A series of multivariable binomial linear regression analyses were also performed to identify the combination of most highly associated tests with CAI. The first of these regression analyses was performed within each of the four categories of functional and ankle assessments. The FPTs had the strongest associations to CAI, with the lowest associations observed for the muscular endurance tests. The final multivariable binomial linear regression involved the inclusion of the most highly associated variable from each of the four categories of assessments. While this model, which included the MICDOT, dorsiflexion ROM, eversion strength, and single heel raise muscular endurance, was highly associated with CAI, such results were not substantially improved from that of the univariable binomial analysis involving the MICDOT in isolation. Combining the functional performance tests had the highest sensitivity at 84.9% (Table 5) and, therefore, should be an integral part of the physical examination in cases of CAI. The reason could be as these tests mimic the functional activities commonly involved that might lead to ankle instability. The MICODT appears to be the most appropriate test among the functional tests as it has the highest sensitivity. On the other hand, the two endurance tests were found to be the least sensitive, thus indicating that it may not be much of a factor contributing to the ankle instability compared to the strength required to provide stability to the joint. Nevertheless, when the battery of tests is done for ankle instability, including ROM, strength, functional tests, and endurance, the sensitivity increased to 92.5%, thus indicating that MICODT, dorsiflexion ROM, the strength of the evertors, and SHRT tests may provide some additional insight into the factors associated with ankle instability.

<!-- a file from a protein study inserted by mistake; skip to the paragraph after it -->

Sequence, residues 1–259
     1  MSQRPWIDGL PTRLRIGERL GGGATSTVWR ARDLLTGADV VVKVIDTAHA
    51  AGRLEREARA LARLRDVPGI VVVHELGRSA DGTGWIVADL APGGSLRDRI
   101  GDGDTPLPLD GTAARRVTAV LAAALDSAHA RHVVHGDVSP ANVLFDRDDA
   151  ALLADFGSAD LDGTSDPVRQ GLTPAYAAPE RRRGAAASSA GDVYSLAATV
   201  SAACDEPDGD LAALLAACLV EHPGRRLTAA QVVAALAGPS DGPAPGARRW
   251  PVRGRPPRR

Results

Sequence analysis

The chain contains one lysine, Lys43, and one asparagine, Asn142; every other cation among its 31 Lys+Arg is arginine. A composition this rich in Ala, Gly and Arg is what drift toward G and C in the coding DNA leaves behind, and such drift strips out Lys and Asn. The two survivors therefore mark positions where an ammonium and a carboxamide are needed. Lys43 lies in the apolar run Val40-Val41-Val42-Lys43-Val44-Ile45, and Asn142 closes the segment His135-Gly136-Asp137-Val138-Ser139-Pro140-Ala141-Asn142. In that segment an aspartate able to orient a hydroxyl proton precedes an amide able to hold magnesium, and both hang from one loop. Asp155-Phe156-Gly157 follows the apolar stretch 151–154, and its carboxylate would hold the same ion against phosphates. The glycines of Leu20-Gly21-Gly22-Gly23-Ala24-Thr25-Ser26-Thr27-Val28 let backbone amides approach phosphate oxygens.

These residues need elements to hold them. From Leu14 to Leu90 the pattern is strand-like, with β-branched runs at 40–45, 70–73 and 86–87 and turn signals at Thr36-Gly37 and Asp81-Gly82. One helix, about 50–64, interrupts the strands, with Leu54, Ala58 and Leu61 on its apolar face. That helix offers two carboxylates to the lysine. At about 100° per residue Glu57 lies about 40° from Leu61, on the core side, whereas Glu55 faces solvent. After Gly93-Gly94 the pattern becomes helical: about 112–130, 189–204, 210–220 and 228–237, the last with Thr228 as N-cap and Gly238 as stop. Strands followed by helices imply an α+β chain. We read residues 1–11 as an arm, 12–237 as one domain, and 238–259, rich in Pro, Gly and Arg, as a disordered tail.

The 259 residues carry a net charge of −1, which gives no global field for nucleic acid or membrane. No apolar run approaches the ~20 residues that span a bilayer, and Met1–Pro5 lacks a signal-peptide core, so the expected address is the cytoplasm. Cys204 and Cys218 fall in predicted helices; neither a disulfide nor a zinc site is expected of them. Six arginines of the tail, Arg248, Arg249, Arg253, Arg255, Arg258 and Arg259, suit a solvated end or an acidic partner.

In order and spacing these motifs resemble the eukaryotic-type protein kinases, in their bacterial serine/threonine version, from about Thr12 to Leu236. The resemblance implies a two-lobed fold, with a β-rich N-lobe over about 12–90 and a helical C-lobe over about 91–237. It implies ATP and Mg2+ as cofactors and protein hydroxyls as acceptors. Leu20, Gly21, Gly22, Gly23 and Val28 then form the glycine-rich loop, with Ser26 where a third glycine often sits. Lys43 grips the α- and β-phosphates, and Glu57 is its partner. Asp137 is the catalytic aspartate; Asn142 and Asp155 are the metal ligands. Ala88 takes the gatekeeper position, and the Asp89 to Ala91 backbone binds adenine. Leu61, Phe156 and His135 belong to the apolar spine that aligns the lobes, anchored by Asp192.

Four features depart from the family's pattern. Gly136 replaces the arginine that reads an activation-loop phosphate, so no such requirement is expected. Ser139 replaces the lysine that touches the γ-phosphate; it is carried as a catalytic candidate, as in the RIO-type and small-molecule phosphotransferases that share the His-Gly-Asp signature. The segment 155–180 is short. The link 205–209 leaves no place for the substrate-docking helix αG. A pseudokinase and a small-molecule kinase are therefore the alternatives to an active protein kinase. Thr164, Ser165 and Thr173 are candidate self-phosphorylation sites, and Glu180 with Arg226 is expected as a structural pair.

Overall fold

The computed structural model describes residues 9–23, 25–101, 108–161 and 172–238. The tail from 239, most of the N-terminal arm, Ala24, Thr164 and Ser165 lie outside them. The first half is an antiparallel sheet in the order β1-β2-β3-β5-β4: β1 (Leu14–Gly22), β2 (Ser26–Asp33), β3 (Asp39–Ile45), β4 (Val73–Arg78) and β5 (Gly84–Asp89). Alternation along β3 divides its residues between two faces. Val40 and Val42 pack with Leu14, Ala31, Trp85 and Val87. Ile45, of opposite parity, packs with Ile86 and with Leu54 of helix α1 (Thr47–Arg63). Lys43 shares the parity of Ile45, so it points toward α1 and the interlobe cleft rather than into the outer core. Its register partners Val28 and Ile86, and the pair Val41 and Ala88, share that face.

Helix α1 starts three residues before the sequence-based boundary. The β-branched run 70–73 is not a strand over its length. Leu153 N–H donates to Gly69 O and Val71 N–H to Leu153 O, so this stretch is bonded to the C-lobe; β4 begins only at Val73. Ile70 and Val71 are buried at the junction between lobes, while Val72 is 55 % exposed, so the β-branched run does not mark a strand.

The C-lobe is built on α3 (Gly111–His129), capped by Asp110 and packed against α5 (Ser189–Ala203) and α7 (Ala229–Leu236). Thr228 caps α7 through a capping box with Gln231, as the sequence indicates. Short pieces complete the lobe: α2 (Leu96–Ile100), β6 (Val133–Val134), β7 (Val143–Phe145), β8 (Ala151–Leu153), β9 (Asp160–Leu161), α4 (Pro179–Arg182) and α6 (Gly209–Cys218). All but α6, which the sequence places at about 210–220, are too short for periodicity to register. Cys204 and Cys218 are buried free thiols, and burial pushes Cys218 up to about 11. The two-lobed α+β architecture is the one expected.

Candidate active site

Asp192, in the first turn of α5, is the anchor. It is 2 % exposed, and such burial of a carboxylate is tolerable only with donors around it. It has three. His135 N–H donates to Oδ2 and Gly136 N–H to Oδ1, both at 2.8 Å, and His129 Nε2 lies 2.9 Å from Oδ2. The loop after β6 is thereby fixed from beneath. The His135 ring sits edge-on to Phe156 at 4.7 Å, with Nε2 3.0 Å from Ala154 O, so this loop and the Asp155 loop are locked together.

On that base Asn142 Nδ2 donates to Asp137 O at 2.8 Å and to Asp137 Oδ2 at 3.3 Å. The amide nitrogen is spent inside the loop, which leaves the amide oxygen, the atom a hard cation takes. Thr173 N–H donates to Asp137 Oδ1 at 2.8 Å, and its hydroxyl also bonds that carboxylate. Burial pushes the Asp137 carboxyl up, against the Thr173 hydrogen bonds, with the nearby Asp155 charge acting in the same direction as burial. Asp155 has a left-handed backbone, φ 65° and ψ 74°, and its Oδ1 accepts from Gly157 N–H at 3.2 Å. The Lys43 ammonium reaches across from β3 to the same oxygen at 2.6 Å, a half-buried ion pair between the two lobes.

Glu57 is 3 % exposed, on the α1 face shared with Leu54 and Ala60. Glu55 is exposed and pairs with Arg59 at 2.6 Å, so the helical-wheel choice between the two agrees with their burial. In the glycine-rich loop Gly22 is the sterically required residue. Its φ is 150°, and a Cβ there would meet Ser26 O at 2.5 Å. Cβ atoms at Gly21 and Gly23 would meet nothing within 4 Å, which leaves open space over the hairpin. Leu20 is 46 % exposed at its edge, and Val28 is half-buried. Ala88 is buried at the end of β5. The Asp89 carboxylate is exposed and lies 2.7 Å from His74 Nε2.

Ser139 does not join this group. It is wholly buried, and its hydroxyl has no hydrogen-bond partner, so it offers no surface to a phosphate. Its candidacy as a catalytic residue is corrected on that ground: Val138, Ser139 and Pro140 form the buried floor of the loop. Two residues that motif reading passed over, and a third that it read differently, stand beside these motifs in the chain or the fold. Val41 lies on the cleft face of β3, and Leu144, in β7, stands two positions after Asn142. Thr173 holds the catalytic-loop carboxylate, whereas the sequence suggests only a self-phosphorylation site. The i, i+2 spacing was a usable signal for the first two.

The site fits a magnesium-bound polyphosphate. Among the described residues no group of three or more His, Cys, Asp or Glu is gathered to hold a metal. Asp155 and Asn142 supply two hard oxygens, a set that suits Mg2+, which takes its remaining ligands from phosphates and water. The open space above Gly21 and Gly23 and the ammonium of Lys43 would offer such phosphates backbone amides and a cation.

It is, however, unlikely that most athletes in the early-mid stages of rehabilitation from CAI would be able to safely perform high-intensity change of direction tasks as required in the MICDOT. In this stage of their rehabilitation, it might be prudent for the athlete to focus on improving aspects of ankle function that are most associated with CAI. Results of the current study indicated that participants with CAI typically had numerous significant reductions in ankle ROM, isometric strength, and muscular endurance compared to those without CAI, with all of these muscle function characteristics potentially influential in determining their functional performance. Specifically, participants with CAI had significantly reduced plantarflexion and dorsiflexion ROM, inversion and eversion strength, and muscular endurance as assessed in two different single leg heel raise tests. These findings are consistent with previous research, whereby deficits in a variety of measures of ankle function have been observed in individuals with CAI (Gribble et al., 2014; Silva et al., 2013; Wisthoff et al., 2019).

Interestingly, in our study, participants with CAI showed significantly reduced plantarflexor performance in the two single leg muscular endurance tests but failed to demonstrate any significant differences in isometric plantarflexor muscular strength. Further, univariable binomial regression analyses indicated that of the four muscular strength and two muscular endurance tests, only plantarflexion and dorsiflexion strength were not significantly associated with CAI. Such results may have considerable clinical relevance to the assessments and exercise prescription required for athletes with CAI.